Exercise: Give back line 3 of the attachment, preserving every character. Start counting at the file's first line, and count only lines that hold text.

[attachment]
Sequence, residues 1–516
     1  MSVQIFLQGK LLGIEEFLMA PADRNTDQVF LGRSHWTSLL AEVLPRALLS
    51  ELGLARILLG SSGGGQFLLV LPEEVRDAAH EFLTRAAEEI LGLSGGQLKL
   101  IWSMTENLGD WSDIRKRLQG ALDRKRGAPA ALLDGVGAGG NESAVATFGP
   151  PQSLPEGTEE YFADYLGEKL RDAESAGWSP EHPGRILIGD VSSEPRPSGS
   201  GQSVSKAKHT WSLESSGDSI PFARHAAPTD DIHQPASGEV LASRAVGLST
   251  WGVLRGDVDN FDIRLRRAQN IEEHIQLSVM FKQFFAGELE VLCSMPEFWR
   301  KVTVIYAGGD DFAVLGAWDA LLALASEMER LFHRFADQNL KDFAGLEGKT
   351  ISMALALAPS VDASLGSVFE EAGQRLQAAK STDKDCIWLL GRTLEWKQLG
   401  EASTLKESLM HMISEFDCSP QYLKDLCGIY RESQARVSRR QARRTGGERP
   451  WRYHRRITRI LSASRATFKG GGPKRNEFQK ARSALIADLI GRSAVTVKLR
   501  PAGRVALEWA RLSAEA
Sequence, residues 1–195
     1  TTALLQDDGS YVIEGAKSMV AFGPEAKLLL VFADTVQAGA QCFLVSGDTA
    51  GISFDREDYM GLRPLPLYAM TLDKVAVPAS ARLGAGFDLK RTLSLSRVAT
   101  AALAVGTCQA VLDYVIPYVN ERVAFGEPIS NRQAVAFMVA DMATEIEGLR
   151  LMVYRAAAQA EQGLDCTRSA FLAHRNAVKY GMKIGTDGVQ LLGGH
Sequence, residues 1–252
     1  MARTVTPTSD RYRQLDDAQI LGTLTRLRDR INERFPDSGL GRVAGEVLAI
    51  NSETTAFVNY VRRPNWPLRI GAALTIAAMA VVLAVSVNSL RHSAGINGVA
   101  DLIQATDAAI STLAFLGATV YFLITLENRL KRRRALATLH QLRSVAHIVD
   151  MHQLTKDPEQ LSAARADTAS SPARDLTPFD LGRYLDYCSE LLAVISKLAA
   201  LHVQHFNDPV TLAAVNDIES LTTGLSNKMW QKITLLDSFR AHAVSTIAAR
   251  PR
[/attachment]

    51  ELGLARILLG SSGGGQFLLV LPEEVRDAAH EFLTRAAEEI LGLSGGQLKL